Donate

Science

You Don't Always Have to Kill Mountain Lions

Enlarge
California Department of Fish and Wildlife

Wildlife officials are no longer required to kill mountain lions that may pose a threat to public safety. New guidelines from the California Department of Fish and Wildlife allow for other options.

The rules were inspired by an incident last year, when a warden killed two mountain lion cubs in Half Moon Bay.

Tim Dunbar, executive director of the Sacramento-based Mountain Lion Foundation, said until now there wasn't much nuance in how officials could deal with potentially dangerous mountain lions: they had to euthanize them.

"These new guidelines would allow them to use non-lethal procedures, would allow them to relocate the lions. And in some cases, actually rehabilitate," he explained.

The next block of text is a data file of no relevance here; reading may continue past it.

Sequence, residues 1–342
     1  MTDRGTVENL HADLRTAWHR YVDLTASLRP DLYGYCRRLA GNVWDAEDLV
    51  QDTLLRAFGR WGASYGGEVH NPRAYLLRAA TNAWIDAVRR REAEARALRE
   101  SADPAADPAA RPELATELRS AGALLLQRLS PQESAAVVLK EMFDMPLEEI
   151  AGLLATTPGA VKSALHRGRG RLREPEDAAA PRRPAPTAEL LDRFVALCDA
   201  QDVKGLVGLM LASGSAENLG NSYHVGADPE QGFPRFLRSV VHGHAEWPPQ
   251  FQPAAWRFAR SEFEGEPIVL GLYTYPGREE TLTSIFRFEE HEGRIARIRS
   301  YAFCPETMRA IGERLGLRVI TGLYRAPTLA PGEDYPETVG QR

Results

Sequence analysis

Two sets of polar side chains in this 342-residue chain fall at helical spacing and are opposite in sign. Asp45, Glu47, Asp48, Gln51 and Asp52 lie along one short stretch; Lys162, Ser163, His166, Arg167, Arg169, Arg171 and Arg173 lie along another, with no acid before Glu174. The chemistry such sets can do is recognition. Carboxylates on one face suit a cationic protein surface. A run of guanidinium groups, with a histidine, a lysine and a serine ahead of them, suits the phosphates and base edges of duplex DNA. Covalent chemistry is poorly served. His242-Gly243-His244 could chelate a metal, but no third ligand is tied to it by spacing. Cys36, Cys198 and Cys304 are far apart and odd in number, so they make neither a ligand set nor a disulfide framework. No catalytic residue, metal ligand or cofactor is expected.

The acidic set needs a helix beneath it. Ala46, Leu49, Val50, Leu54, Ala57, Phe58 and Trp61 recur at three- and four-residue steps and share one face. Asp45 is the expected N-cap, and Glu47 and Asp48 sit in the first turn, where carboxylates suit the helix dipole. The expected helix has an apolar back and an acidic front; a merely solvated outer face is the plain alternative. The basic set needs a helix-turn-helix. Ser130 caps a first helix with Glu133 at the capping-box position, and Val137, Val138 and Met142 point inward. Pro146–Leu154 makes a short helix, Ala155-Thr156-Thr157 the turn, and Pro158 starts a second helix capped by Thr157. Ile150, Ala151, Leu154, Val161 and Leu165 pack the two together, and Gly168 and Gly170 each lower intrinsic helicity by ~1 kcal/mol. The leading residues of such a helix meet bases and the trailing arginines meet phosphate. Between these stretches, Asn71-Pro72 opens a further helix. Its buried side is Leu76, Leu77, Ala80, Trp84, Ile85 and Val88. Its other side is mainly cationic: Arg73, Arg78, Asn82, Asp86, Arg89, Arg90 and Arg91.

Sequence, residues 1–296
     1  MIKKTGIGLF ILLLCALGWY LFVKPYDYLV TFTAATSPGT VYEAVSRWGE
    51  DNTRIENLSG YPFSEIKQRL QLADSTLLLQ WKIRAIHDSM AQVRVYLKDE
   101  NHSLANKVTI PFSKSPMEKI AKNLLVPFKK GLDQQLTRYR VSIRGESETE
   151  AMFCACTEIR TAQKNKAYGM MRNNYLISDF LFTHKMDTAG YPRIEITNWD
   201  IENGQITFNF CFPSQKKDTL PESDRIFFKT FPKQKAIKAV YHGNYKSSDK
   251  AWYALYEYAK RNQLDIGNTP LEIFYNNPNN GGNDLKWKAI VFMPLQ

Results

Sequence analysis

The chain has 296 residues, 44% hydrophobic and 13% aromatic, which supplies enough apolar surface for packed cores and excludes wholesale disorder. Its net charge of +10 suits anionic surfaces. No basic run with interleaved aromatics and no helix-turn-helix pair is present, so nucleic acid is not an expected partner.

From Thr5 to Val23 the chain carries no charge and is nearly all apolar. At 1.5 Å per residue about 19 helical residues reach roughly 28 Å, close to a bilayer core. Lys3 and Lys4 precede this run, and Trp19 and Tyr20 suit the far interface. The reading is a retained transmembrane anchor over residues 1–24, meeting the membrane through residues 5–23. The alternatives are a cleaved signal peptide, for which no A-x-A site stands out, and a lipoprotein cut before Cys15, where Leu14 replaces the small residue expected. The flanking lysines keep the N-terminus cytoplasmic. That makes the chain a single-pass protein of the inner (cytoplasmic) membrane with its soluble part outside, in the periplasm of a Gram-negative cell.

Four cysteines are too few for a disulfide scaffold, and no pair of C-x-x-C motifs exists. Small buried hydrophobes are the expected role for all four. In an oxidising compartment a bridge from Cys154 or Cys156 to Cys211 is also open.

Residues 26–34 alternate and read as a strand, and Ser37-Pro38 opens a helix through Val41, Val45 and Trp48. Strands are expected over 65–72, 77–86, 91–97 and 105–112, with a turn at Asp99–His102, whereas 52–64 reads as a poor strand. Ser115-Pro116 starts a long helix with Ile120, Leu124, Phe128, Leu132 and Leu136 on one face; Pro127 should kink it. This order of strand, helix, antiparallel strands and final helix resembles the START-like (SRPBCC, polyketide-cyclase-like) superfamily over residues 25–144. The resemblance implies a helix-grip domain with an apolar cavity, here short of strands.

Dunbar's group worked with the department to develop the policy. There's also a bill in Sacramento that would give state officials permission to work with organizations that handle wayward wildlife.

Become a KQED sponsor

Follow KQED News on Facebook

Follow KQED News on Twitter

For the latest updates from KQED News, follow us on Twitter.